Do you have a mantra?
Guy Kawasaki, founding partner of Garage Technology Ventures™, thinks you should. In his book, The Art of the Start, Guy devotes a section to mantras in the very first chapter.
It’s that important.
The book’s section titled “Making Mantra” is short and to the point. Using just over two pages, he lays out the concept quickly, yet completely. It doesn’t take much time to describe them – after all, mantras are short.
However, it may take you some time to make your mantra. It’s not something you come up with on the spur of the moment.
Or even overnight.
But finding your mantra causes an explosion in your business, propelling you forward. Ask Nike, Disney or Starbucks. They all have mantras.
Maybe you should, too.
What is a mantra anyway?
A mantra is not a mission statement. Not even close.
Mission statements are often loaded with lots of words and ideas that mean little or nothing when you sit down and really dissect them.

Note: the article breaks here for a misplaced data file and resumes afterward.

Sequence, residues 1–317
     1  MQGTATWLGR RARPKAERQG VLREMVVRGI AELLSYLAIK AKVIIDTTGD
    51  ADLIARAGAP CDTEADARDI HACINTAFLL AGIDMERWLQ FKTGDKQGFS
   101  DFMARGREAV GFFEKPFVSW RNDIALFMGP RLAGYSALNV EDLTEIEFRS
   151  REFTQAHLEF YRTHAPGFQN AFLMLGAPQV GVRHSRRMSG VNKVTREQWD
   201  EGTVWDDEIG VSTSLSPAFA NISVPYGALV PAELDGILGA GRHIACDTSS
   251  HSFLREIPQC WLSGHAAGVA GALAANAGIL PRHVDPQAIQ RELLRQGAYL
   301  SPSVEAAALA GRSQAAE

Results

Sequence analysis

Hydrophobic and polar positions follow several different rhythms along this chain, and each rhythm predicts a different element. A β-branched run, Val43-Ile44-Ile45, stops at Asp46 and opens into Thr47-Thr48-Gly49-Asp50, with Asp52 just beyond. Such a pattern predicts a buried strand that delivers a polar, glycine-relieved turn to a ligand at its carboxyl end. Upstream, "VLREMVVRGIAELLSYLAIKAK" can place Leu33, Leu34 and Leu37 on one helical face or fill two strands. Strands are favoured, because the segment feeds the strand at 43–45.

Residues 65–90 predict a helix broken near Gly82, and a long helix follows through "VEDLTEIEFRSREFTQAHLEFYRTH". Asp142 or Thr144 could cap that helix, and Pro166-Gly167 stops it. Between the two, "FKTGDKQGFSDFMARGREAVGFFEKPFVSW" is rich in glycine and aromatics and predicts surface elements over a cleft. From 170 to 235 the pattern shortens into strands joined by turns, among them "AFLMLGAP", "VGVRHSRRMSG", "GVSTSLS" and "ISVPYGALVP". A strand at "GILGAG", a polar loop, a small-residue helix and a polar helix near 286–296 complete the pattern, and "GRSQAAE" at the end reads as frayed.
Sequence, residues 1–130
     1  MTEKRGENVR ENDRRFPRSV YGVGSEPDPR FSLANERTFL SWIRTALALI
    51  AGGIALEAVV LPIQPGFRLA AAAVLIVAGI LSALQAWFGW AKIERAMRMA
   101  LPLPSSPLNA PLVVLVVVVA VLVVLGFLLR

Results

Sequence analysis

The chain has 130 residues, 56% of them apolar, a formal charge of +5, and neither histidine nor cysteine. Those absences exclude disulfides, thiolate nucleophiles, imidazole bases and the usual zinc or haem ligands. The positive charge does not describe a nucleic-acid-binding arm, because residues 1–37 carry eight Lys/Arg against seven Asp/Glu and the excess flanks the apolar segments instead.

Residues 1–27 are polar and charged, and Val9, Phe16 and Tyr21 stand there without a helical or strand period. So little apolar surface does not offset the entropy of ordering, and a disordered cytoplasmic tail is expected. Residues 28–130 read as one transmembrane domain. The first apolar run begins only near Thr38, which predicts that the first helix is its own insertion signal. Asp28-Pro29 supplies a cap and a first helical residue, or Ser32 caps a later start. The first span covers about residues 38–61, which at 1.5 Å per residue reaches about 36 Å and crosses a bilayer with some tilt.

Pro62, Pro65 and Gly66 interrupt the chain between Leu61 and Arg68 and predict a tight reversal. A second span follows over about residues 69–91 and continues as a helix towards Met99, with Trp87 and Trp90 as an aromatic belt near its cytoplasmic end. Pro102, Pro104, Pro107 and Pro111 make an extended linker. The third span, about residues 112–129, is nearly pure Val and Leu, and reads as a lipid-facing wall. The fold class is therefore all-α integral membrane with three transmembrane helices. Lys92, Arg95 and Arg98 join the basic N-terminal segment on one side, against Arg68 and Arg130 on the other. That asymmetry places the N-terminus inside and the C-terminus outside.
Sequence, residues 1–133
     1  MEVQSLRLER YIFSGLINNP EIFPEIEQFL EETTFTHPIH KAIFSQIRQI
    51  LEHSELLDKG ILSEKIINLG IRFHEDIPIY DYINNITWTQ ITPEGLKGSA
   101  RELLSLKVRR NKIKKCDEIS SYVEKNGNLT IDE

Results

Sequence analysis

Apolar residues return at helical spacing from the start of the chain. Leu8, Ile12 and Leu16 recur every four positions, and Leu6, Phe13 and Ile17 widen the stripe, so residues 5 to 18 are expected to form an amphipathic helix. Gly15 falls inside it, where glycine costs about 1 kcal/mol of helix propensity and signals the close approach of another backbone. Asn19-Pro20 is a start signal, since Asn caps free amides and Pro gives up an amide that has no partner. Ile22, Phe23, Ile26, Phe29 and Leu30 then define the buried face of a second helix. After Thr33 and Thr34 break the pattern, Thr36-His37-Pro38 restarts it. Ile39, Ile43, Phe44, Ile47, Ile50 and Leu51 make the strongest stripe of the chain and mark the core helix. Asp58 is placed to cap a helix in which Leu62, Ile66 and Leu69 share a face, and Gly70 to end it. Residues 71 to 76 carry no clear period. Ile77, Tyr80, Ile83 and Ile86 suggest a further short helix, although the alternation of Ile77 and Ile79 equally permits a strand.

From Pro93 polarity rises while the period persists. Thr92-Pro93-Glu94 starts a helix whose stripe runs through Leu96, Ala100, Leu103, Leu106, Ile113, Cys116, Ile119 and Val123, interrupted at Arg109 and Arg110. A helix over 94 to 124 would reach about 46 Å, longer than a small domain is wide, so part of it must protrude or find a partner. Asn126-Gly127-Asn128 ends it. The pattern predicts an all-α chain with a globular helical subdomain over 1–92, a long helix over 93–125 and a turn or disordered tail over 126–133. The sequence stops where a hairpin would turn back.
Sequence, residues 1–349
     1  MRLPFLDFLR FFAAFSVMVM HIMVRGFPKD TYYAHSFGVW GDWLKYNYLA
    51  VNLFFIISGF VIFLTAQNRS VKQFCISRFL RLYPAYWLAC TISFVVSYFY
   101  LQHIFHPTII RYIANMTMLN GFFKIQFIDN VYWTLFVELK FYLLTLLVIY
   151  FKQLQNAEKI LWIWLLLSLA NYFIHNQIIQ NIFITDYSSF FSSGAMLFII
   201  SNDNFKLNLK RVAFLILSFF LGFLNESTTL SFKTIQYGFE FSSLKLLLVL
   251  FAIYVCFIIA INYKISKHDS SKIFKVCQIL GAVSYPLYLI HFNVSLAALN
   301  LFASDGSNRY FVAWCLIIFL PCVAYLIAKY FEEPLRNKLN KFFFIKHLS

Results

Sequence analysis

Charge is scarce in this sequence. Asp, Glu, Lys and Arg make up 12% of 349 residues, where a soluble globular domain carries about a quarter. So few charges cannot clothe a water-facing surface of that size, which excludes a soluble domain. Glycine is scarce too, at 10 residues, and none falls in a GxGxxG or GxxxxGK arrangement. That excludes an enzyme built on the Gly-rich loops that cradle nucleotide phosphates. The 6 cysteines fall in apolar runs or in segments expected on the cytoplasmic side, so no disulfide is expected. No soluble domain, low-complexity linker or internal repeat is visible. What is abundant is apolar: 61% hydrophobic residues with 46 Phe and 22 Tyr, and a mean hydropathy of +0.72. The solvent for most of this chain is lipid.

They are sometimes full of highfalutin, all-encompassing jargon-ridden text. That’s what’s expected. Many investors love them that way; and you might need one eventually.
But crafting a mission statement first frequently takes too much time and effort to write when it might not be necessary yet, particularly in the beginning stages of a business venture.
According to Mr. Kawasaki, that’s one of the fundamental shortcomings of mission statements. He believes that entrepreneurs and startups expend too much effort on crafting a mission statement, usually ending up with fantastically mediocre results.
They spend way too much time on the painful and often frustrating process of mission-statementing.
Time better spent elsewhere – like creating a meaningful mantra.
The American Heritage Dictionary defines a mantra as:
A sacred verbal formula repeated in prayer, meditation or incantation, such as an invocation of a god, a magic spell, or a syllable or portion of scripture containing mystical potentialities.
Sounds powerful, doesn’t it. Maybe even sends chills up and down your spine.
Don’t get me wrong here. I’m not getting all spiritual on you.